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I want to process a ~300 GB JSON file in Hadoop. As far as my understanding goes a JSON consists of a single string with data nested in it. Now if I want to parse the JSON string using Google's GSON, then won't the Hadoop have to put the entire load upon a single node as the JSON is not logically divisible for it.

How do I partition the file (I can make out the partitions logically looking at the data) if I want that it should be processed parallely on different nodes. Do I have to break the file before I load it onto HDFS itself. Is it absolutely necessary that the JSON is parsed by one machine (or node) at least once?

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Take a look at the answers in stackoverflow.com/questions/9942483/hadoop-for-json-files. The dzone article provides insight on processing XML and JSON in Hadoop. –  harpun May 7 '13 at 21:28

3 Answers 3

Assuming you know can logically parse the JSON into logical separate components then you can accomplish this just by writing your own InputFormat.

Conceptually you can think of each of the logically divisible JSON components as one "line" of data. Where each component contains the minimal amount of information that can be acted on independently.

Then you will need to make a class, a FileInputFormat, where you will have to return each of these JSON components.

public class JSONInputFormat extends FileInputFormat<Text,JSONComponent {...}
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This seems like a good choice, even after being logically divisible, the first few lines are common for all the sub-parts into which I can divide the JSON. I have written my own FileInputFormat before, but I am not sure if I can read a file in such a way that each part retains the first few lines. –  aa8y May 7 '13 at 13:13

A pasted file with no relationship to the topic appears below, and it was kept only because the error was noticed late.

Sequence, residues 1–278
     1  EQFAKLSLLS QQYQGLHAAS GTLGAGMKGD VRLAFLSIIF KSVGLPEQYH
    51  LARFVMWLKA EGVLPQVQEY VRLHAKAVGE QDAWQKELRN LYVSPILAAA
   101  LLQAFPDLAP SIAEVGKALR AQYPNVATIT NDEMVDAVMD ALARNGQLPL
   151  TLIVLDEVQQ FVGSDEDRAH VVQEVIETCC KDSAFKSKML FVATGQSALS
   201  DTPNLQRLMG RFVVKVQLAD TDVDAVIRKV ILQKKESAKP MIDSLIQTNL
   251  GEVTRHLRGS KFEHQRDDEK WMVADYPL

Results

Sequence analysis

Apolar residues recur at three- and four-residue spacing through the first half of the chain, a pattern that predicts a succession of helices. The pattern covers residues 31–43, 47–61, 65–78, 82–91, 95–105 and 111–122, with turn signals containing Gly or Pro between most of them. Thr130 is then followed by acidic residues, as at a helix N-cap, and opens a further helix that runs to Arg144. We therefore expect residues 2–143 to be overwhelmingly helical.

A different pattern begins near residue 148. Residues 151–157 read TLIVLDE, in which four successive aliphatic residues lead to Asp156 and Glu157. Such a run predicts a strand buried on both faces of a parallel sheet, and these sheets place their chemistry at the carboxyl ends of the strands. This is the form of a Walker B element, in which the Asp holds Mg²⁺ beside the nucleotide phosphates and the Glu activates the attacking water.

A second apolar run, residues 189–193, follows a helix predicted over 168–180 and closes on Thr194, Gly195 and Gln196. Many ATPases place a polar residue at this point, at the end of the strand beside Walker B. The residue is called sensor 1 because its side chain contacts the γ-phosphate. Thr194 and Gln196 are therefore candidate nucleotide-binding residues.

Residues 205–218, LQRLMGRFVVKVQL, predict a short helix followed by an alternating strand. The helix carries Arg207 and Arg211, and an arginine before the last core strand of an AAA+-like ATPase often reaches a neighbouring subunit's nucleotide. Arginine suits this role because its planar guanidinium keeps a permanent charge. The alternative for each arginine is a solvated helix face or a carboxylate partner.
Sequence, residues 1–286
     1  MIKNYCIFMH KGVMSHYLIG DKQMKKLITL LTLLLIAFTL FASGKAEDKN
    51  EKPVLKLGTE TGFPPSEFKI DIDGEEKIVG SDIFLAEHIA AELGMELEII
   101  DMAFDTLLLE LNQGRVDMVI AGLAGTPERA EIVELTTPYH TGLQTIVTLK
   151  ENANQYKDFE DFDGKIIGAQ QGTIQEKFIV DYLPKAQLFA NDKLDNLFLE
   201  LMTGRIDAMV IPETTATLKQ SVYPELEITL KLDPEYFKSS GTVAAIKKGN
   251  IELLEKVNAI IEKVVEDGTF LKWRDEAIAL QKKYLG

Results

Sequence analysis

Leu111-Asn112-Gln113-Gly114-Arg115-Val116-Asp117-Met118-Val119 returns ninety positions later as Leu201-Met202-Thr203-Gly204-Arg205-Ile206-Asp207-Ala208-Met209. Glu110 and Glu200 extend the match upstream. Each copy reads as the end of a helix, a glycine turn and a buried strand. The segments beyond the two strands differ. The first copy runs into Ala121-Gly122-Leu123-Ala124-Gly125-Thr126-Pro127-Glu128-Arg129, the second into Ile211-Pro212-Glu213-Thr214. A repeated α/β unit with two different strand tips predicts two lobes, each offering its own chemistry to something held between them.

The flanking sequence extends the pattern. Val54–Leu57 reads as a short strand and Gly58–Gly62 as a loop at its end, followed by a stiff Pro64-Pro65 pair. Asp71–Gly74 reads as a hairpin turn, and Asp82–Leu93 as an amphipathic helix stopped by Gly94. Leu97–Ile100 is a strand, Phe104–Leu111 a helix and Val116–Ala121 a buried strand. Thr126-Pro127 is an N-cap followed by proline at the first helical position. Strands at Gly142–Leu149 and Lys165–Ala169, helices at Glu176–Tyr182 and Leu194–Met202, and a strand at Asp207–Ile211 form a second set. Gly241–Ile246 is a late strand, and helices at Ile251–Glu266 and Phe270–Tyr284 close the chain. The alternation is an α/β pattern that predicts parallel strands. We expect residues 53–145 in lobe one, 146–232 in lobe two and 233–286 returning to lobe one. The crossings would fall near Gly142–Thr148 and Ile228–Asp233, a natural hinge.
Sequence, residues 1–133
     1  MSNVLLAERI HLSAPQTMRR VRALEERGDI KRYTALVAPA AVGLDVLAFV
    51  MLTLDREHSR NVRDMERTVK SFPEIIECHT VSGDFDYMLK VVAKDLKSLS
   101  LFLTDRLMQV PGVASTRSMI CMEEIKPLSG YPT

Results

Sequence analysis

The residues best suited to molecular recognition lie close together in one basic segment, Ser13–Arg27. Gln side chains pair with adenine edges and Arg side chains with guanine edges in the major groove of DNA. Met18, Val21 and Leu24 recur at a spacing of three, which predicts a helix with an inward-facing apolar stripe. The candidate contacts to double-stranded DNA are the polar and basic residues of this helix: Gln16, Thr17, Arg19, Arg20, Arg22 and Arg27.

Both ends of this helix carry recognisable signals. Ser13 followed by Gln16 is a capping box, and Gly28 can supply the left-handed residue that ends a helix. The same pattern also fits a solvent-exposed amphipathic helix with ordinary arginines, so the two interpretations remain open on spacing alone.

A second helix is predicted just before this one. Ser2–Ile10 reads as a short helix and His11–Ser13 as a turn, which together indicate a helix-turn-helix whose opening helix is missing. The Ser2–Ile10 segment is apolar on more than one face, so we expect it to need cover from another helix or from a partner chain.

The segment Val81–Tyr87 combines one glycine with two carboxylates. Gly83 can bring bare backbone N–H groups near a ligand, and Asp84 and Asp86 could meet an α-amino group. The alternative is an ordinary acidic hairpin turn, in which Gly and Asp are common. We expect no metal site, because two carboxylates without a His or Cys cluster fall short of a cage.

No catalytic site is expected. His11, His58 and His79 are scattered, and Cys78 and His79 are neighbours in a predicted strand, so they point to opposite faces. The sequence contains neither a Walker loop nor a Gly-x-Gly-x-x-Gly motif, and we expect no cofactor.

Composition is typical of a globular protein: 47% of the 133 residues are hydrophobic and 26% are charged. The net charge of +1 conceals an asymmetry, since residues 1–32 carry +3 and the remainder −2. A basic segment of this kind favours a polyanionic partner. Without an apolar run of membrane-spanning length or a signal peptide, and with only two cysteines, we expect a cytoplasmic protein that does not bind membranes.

An idea, If there is only a couple of common variables maybe you could read those first lines and distribute them to all InputFormats using the distributed cache. Another idea, you could keep those "header" sections in a separate file entirely, and merge those JSON nodes back in after reading in the JSON parts –  greedybuddha May 7 '13 at 13:29

If you can logically divide your giant JSON into parts, do it, and save these parts as separate lines in file (or records in sequence file). Then, if you feed this new file to Hadoop MapReduce, mappers will be able to process records in parallel.

So, yes, JSON should be parsed by one machine at least once. This preprocessing phase doesn't need to be performed in Hadoop, simple script can do the work. Use streaming API to avoid loading a lot of data into memory.

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But processing a ~300 GB file requires a lot of resources. Can you elaborate the streaming API part? –  aa8y May 7 '13 at 13:00
Streaming API for JSON is similar with XML's one. You just read entire file token by token, keeping in memory only small part of tokens needed at the moment. Concrete usage case highly depends on your data structure. For Jackson Streaming API examples see wiki.fasterxml.com/JacksonStreamingApi, prithvi-java.blogspot.ru/2012/08/…, stackoverflow.com/questions/12713990/…, blog.avisi.nl/2012/11/29/… –  Dmitry May 7 '13 at 14:08

You might find this JSON SerDe useful. It allows hive to read and write in JSON format. If it works for you, it'll be a lot more convenient to process you JSON data with Hive as you don't have to worry about the custom InputFormat that is going to read your JSON data and create splits for you.

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